The project is still active, though their forking strategy is still not very well articulated. In fact, due to security flaws, they once suffered a 70% nodes crash as a result of memory leaks.
Bitcoin Classic – Feb 2016
Still working on an increase in block size, bitcoin classic was created in Feb 2016. They proposed a block size of 2MB. Despite getting the support of some major users, they did not go far with the 2MB block size and decided to promote user-defined block sizes.
The project still exists, supported by about 100 nodes, and have a five-year plan that will remain to be seen.
They also don’t have an existing coin yet, and exchanges like Bittrex are only selling futures.
As can be seen, most of the previous hard forks were mainly trying to address block size and processing speed. But Dr. Wuille invented a way to reduce the size of a transaction by use of SegWit.
Here’s the SegWitian Deal:
A transaction consists of several components, the largest part of which is the digital signature that authorizes the transaction (about 60%). Using extended blocks, Wuille demonstrated in the Hong Kong Bitcoin Scaling conference how it was possible to remove the signature from inside the block and store it in an extended block. This would free up space in the mined block for more transactions.
Segwit is a soft fork that was introduced a few weeks after it was suggested in Hong Kong under BIP 141 but implemented as a BIP 9 soft fork on August 24, 2017.
As you may expect, some miners may not be happy if the block is made to confirm more transactions because this means that wait times are no longer a consideration when people are assigning transaction fees to their transactions hence fewer fees!
This is the genesis of the SegWit controversy.
Bitcoin Cash Hard Fork – August 2017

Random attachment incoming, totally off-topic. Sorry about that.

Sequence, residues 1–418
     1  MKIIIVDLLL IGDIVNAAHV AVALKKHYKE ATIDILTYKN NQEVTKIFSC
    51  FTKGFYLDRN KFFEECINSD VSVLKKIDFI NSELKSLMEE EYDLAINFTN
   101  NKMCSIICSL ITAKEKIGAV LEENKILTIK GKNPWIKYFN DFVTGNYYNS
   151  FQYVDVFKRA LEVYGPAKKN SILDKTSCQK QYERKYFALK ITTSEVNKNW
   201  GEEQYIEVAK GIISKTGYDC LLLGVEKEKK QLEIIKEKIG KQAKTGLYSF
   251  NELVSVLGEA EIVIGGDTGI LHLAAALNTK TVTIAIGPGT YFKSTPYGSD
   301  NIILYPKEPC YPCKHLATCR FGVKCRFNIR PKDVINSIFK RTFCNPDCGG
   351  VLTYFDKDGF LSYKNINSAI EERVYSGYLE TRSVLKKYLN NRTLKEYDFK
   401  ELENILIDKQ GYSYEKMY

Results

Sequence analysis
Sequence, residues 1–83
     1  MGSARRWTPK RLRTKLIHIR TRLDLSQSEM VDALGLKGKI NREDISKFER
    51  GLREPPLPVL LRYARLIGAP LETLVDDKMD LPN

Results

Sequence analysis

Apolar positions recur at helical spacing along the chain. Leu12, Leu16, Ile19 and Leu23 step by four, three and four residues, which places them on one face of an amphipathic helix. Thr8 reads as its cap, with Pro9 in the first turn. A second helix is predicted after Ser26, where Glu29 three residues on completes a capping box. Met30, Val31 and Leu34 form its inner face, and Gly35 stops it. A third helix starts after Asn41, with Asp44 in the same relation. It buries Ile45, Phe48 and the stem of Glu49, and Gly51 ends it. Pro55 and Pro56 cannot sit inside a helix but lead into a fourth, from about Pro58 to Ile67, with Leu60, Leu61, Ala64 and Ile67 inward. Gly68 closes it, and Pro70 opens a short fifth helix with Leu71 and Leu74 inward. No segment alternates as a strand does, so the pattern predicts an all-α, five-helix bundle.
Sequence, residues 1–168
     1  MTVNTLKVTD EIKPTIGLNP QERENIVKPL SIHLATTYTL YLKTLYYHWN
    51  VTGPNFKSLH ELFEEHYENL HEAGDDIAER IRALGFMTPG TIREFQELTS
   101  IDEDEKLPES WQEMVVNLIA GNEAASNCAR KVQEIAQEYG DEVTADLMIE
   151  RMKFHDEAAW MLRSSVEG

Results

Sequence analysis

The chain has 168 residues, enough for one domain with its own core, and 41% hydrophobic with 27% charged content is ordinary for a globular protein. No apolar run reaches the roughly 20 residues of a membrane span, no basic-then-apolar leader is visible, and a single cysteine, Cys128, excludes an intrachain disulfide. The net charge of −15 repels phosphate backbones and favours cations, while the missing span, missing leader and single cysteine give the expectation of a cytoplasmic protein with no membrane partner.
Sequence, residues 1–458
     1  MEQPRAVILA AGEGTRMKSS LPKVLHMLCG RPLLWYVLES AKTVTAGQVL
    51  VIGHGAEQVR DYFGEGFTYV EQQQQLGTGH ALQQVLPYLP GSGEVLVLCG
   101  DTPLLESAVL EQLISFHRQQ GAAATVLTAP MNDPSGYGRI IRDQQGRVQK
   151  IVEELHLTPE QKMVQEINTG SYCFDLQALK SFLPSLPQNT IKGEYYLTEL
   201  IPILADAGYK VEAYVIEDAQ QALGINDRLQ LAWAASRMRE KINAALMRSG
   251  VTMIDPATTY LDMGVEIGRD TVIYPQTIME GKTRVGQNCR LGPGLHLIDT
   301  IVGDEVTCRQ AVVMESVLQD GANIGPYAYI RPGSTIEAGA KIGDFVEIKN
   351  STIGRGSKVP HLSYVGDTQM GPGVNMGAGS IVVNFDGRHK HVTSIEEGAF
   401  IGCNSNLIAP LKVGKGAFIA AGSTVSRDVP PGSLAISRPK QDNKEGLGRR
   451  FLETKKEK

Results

Realizing that SegWit was unstoppable on bitcoin core, some bitcoin members executed a fast hard fork that produced Bitcoin Cash. It’s work started some time from the conclusion of the New York Agreement of May 2017. The Bitcoin Cash wallets started rejecting bitcoin blocks on August 1, 2017. Apparently, many didn’t like SegWit. In fact, they released it without looking for support to split.
In very short order, they started attracting major influencers, like investor Roger Var, and ViaBTC, a major Chinese bitcoin miner. Bitcoin Cash has some very interesting phenomena that make it have a relatively stable survival rate;
- It is supported by Bitcoin Unlimited, Classic and XT.
- Bitcoin core miners can mine BCH and vice versa, allowing for opportunistic mining, and hence allow BCH to enjoy BTC’s massive hash power at times.
- It has broken into the top five currencies by market capitalization, currently sitting third behind Bitcoin and Ethereum.
- It seems to benefit from any current and future fall outs within bitcoin, and its price has been on a steady increase.
- It has a block size of 8 MB which allows for reasonable transaction fees and transaction times.
What is the Bitcoin Gold Hard Fork?
This unique hard fork deviates from the normal block size issue to a more interesting angle. Someone missed the Satoshi days when you could mine with a normal computer and decided to fork bitcoin back to the good old days. BTG eliminates the use of complicated computers called ASICs to the use of GPUs for mining.